The most recent President’s Management Agenda and OMB Circular No. A-11 Section 208 have brought the topic of government customer service front and center. These publications put a real stake in the ground: agencies have to make “improving customer experience” a priority.

We already know that government agencies are striving to match expectations shaped by citizens’ best customer experiences elsewhere. They have been for well more than a decade. Yet we also see they aren’t succeeding as they might like. Why?

The 2017 American Consumer Satisfaction Index shows that, on average, public administration/government services lag 6.7 percentage points behind the private sector.

Source: The ACSI Benchmarks By Sector

Eagle Hill Consulting undertook a survey of federal employees to find out. By looking from the inside out, we gained a straightforward perspective on the customer service challenges and opportunities from those operating right at the core.

Over the next few weeks, we’ll share these insights into how well government is succeeding in delivering customer service and how it can improve.

What we found may surprise you.

According to federal employees, an improved customer experience begins with workforce culture. Tech plays a supporting role.

Our survey’s main takeaway is that government customer experience improvements may rely less on technology upgrades than on culture improvements—namely, a workforce who are invested and engaged, supported and rewarded by leadership. See Figure 1. This makes sense; ultimately, it’s the federal workforce who get the customer service job done. They work for the citizenry; they solve problems for the public. The technology is one (albeit, highly enabling) tool. It should not be the end game—nor even the starting point.

Figure 1: More employees say culture elements (versus improved technology) will significantly improve customer service

Source: 2018 Eagle Hill Consulting Federal Government Customer Service Survey

However, technology tends to dominate the government customer service conversation in the media; match a quick Internet search of the phrase “improve government customer service” with the word “technology” and you’ll get about 336,000,000 more hits than when you match the phrase with “culture.”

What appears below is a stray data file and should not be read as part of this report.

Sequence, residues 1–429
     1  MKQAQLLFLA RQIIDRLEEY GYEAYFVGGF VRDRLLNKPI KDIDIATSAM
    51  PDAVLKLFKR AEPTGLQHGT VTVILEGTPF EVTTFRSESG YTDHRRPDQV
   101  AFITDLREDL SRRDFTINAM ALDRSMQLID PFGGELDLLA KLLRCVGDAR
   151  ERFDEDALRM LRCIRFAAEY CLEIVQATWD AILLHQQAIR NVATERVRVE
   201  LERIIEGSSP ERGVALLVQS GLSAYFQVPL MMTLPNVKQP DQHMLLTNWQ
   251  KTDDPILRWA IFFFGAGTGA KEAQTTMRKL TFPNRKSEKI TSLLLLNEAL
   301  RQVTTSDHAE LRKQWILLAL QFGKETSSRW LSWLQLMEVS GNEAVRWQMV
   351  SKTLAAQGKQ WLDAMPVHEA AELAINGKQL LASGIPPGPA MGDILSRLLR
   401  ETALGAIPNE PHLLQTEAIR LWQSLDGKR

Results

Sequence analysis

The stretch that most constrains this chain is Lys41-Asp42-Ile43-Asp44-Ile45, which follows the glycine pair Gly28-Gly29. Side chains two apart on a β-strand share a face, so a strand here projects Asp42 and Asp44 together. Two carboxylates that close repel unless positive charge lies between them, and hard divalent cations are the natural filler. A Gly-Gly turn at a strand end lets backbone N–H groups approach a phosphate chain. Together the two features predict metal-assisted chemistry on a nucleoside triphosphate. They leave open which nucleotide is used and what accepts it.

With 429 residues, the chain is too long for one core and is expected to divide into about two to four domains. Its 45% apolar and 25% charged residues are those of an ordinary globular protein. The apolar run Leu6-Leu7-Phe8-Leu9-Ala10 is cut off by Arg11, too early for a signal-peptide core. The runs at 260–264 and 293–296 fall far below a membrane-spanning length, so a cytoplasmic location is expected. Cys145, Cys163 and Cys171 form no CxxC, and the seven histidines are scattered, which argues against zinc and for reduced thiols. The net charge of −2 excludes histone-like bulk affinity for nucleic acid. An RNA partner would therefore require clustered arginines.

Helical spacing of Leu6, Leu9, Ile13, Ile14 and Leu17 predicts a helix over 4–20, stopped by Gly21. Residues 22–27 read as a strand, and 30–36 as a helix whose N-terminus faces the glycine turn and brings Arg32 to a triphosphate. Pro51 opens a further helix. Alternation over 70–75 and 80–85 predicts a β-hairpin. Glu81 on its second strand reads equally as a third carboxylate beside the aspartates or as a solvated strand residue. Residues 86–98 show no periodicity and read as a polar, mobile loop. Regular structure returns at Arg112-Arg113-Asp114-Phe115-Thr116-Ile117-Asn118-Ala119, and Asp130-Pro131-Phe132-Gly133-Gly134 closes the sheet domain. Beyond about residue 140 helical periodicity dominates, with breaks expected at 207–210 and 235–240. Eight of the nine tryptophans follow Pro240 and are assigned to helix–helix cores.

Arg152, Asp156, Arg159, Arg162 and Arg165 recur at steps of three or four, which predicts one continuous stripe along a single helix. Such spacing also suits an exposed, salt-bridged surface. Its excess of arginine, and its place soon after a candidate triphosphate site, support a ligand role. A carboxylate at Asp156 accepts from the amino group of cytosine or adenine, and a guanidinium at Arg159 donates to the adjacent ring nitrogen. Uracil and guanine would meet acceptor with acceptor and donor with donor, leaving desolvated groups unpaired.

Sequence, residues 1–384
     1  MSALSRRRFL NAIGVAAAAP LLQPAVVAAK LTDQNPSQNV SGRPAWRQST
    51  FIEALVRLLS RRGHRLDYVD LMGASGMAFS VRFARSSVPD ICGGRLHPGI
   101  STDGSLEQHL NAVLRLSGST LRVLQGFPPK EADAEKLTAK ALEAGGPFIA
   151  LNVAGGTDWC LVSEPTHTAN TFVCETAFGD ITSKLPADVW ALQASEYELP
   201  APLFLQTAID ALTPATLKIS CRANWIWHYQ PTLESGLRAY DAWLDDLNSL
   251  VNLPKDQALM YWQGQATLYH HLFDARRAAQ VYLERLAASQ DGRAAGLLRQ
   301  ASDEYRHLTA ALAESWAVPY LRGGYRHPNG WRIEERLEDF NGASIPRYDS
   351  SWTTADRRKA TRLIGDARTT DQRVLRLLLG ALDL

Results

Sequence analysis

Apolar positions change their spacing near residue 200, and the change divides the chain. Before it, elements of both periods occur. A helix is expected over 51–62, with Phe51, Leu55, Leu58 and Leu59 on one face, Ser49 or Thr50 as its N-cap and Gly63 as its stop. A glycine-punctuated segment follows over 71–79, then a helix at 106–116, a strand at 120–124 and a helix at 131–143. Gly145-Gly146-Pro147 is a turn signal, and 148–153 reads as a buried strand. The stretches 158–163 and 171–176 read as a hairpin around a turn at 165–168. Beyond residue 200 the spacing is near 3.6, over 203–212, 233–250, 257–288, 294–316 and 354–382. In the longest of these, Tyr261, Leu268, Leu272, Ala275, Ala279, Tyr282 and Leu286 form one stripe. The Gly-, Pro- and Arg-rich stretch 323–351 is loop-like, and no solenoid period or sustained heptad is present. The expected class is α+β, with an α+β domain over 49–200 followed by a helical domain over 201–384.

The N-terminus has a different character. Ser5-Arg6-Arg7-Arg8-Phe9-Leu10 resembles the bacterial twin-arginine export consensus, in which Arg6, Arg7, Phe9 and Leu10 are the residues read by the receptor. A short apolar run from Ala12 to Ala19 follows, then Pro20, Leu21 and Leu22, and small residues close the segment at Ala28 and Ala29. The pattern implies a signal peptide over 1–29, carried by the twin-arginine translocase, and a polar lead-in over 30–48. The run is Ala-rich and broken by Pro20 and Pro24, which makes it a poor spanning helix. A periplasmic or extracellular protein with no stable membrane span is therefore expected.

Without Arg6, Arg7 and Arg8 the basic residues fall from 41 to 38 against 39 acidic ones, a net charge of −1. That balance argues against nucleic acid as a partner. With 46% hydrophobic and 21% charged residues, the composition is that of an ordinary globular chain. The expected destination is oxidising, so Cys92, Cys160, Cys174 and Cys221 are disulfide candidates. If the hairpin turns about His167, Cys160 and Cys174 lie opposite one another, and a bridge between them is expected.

Employees say that customer service is a core value at their agency, but rate performance on critical factors low

The first step for the federal government may be to give more weight to its words through targeted actions. Consider the divide shown in Figure 2. More than 70 percent of respondents identify customer service as a core value in their organization. Yet on average, only 31 percent of employees rank their organization as being effective at achieving elements critical to customer service.

Figure 2: The Values Gap

Source: 2018 Eagle Hill Consulting Federal Government Customer Service Survey

Employees are getting the message that customer service matters—a lot. In fact, customer service ranks highest in terms of agency core values (see Figure 3). But they are not seeing it supported accordingly. Less than half of employees say their organization is effective at activities identified as critical elements of customer service (see Figure 4). For agencies working within constrained budgets (and which ones aren’t?), focusing efforts on specific behaviors that employees say are critical will be part of the answer.

Figure 3: Customer Service ranks highest in terms of agency core Values

Source: 2018 Eagle Hill Consulting Federal Government Customer Service Survey

Figure 4: Less than Half of Employees say their organization is effective at activities identified as critical elements of customer service

*Note: 18% of respondents chose “other” as a response.
Source: 2018 Eagle Hill Consulting Federal Government Customer Service Survey

While a technology program alone will not ensure customer service improvements, federal employees seem in agreement that investments in culture will; sound investments here can yield fast dividends. Put another way, whatever goals agencies have for modernizing IT, technology should not be viewed as the driver of better service. It enables. Even if agencies were to spend no money on IT, they could still improve government customer service through culture changes and employee empowerment.

Strong leaders, supportive cultures, systematic measurement… success

Clearly, federal employees already see themselves as having a customer-oriented mindset. They identify customer service as a core organizational value. What our survey says they need now are the leadership and support structures to follow through on exceptional delivery.

In coming weeks, Eagle Hill will share with you our most intriguing findings and recommendations on how to begin putting those support structures for improved customer service in place. Stay tuned for insights on the changes governments can make to better measure progress, structure their organization and leadership for success, and develop cultures that foster customer service excellence.

Methodology

The 2018 Eagle Hill Consulting Federal Government Customer Service Survey was conducted online by Government Business Council between June and July 2018. The online survey included 625 respondents from a random sample of respondents across the Federal Government (including civilian and Department of Defense agencies).